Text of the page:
This is a translation of the Paper Mario Developer Interview from the old Nintendo Online Magazine website that Nintendo used to run in Japan. The interview is with Toshiyuki Nakamura of Intelligent Systems and Hiroyasu Sasano of Nintendo. Toshiyuki Nakamura is actually the president of Intelligent Systems now, but started his career as a programmer.
Paper Mario Developer Interview
– To start, could you explain your roles on the Paper Mario team?
Sasano: My role is like the bridge between Intelligent Systems and Nintendo. I summarize feedback, gather data and materials, and work as the point of contact.
Nakamura: I work as the project manager for the entire team, but I’m essentially a director. I have a programming background and have been supervising those sorts of things as well.
– What’s the appeal of Paper Mario?
Nakamura: It started being made as a sequel to the Super Nintendo’s Super Mario RPG. As for the genre, you could call it an action RPG. One of its defining traits is the fusion of 2D and 3D visuals. On top of that, the action commands are being expanded and it’s being made as a game more suitable for the N64.
– The backgrounds are 3D, but the characters are 2D?
Sasano: That’s right. The reason we went this direction is we thought players might be getting tired of the 3D CG look on the Playstation and other consoles. It’s hard to bring out cuteness with characters made from polygons, right?. Even Mario was made with polygons in Mario 64, so we thought it would be nice to offer something different and came upon making Mario’s world with a pastel touch. However, making an entire 2D world like a Super Nintendo game and releasing it for the N64 would be pointless, so we gave the field depth and made it 3D. I think it’s been thoughtfully crafted.
Nakamura: The production of the title has taken around 4 years.
– 4 years?!
Nakamura: Yup. It’s a huge title that’s taken a long time to make, so it’s packed with screens and events.
– It’s an RPG with Mario as the main character, but who else makes an appearance in the game?
Nakamura: Tons of characters from the Mario series are in the game doing all sorts of things. by the end, you’ll be adventuring with 8 other partners. In the story, Bowser kidnaps Princess Peach and Mario sets off on an adventure after them. Goombas, Bob-ombs, and Koopa Troopas are in the game as well. And you also get to control Princess Peach at points along the way.
– What’s the composition of the map like?
Sasano: There’s a big central town and you use a train to go to various places like villages and mountains, so you explore various areas.
Nakamura: It has elements you see in RPGs like solving puzzles to find items, but there is action involved when enemies appear on the field. In a regular RPG, enemies are encountered involuntarily, but in Paper Mario you can initiate the battles. If you start the battle, you get a one turn advantage. On the opposite end, if you see an enemy, you can run away. You also get advantages in battle for well timed button presses or pressing a button over and over. That’s a big difference when compared to other RPGs.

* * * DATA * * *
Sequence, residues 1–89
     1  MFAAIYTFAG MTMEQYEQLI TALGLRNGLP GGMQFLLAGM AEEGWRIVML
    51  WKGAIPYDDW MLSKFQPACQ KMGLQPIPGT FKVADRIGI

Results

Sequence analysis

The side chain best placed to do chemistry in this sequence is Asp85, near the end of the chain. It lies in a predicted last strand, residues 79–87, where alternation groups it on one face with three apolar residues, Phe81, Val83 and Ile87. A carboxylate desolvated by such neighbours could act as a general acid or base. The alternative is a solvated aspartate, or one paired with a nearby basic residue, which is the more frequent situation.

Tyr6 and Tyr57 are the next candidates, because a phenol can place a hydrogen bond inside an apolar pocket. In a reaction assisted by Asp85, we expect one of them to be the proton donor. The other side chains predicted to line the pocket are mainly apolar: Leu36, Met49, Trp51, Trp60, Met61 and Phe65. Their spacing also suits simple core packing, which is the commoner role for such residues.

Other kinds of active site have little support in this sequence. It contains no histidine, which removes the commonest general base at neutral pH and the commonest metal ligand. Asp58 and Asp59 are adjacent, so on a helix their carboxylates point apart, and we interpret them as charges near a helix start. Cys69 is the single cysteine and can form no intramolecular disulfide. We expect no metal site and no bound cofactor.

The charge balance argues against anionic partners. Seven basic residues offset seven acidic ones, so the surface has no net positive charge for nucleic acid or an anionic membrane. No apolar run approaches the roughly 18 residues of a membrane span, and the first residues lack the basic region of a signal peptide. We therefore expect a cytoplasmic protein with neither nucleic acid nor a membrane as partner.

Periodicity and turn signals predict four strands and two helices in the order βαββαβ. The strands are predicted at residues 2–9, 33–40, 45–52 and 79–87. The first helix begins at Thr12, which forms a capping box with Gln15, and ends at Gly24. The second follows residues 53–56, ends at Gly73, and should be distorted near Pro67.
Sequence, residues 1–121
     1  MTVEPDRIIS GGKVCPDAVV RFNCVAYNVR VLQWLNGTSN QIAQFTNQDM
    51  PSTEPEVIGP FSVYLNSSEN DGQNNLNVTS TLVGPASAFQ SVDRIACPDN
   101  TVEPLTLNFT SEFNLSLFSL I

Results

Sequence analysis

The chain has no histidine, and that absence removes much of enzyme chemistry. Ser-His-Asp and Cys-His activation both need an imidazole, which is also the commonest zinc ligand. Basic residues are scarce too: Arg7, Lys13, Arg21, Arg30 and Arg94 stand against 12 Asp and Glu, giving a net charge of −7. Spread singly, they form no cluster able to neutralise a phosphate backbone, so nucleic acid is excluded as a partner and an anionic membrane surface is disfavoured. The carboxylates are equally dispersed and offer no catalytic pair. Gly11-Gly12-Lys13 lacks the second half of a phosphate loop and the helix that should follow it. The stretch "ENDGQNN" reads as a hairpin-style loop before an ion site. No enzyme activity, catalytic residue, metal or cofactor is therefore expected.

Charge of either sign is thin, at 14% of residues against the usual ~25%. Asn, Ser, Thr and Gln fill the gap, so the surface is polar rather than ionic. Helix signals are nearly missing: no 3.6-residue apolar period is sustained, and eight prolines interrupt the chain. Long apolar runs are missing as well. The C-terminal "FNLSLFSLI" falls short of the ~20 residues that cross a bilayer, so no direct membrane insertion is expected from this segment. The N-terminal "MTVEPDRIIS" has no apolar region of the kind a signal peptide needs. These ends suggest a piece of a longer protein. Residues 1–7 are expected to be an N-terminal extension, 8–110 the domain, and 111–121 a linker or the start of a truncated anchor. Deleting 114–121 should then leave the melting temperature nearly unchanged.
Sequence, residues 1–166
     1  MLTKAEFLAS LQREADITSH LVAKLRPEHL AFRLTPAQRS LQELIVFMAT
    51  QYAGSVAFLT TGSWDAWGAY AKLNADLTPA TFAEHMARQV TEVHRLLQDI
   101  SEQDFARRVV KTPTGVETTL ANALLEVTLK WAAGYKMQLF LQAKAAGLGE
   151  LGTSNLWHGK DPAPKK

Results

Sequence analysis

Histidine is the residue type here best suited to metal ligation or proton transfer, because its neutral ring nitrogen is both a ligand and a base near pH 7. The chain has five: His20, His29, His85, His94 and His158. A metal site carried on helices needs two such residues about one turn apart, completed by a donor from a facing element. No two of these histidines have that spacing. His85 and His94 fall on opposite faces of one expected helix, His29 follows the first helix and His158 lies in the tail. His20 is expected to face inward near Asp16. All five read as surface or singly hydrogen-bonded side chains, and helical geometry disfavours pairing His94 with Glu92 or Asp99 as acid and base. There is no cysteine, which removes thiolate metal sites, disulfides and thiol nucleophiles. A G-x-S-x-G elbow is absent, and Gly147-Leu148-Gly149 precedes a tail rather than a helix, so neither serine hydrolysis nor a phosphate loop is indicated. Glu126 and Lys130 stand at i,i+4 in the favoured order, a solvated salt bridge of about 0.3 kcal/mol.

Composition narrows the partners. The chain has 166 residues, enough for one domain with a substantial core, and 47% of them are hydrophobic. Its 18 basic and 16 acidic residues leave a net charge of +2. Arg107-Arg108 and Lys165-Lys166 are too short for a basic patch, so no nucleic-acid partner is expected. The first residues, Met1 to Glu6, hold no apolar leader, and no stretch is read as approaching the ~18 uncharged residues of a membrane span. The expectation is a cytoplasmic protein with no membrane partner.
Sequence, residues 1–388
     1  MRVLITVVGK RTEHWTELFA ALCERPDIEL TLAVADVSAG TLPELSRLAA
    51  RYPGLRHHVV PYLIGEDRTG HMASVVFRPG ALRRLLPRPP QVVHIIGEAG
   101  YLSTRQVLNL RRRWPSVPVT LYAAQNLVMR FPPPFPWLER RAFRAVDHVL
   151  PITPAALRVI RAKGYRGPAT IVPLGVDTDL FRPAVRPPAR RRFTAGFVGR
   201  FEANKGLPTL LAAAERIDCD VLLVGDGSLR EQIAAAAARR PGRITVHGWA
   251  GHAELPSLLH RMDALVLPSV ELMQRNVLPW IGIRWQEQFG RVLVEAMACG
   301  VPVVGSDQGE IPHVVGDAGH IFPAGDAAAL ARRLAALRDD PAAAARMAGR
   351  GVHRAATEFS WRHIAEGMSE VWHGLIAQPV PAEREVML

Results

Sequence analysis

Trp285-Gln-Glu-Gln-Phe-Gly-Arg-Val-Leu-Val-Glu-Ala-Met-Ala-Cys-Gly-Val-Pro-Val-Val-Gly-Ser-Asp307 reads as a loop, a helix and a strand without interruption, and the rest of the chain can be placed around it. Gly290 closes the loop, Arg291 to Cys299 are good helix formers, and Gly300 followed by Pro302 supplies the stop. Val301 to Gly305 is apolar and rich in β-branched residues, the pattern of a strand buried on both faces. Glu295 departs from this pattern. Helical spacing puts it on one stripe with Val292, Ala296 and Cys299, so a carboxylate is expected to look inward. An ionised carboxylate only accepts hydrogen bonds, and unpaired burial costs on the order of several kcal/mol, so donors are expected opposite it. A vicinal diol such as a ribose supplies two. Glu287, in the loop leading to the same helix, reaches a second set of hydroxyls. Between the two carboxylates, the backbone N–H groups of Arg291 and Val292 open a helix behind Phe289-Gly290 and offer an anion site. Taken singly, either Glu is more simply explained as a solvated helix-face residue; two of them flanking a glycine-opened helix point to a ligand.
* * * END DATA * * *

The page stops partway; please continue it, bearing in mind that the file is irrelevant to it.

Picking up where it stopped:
– So you don’t just enter a command and wait?
Sasano: Nope. You always have to be holding the controller. If you let your guard down, you can lose to enemies from early on in late stages of the game.
– Does it have experience points like a typical RPG?
Sasano: There are Star Points which stand in for experience points in the game. There are also Flower Points which are like magic and are used to activate special attacks and moves.
Nakamura: On top of that, Mario gathers badges throughout the game. Badges are used to increase the types of attacks Mario can do. Depending on which attacks you choose, you develop a different Mario. This means that play styles can be totally different depending on the player.
– How many stages are there?
Nakamura: If you put it in terms of stages*, there are 400. A regular playthrough will take around 30 hours.
*Translator Note: This might be referring to screens? Like a section of Toad Town is a screen, the inside of a shop is a separate screen, etc.
– 400! That’s awesome. What’s the target age range for the game?
Nakamura: I’d say the target age is 1st grade and up. There’s quite a bit of text, but only kanji through the second grade level is used. We’re also aiming to make the content easy to understand. The puzzles are much easier when compared to something like a Zelda game, so elementary school students should be able to solve them without getting stuck.
– Are there any spots in the game you want the players to pay extra attention to?
Sasano: Things like snow and flowers… There are beautiful areas in the second half of the game. There are lots of hand drawn animations so please take a close look at those.
Nakamura: I think just swinging the hammer and jumping are fun. It’s designed so that early grade school students can enjoy it, but on the other end, there are also puzzles and things more experienced players can enjoy. I hope all different kinds of players enjoy the game.
If you enjoyed that, you may also like some of our other translations like this one with Sachiko Kawamura of Sega. You can also check the Translations page for a list of all of the translations on the site. And if you’re also studying Japanese, check the Vocabulary section for tons of vocabulary lists made from various games!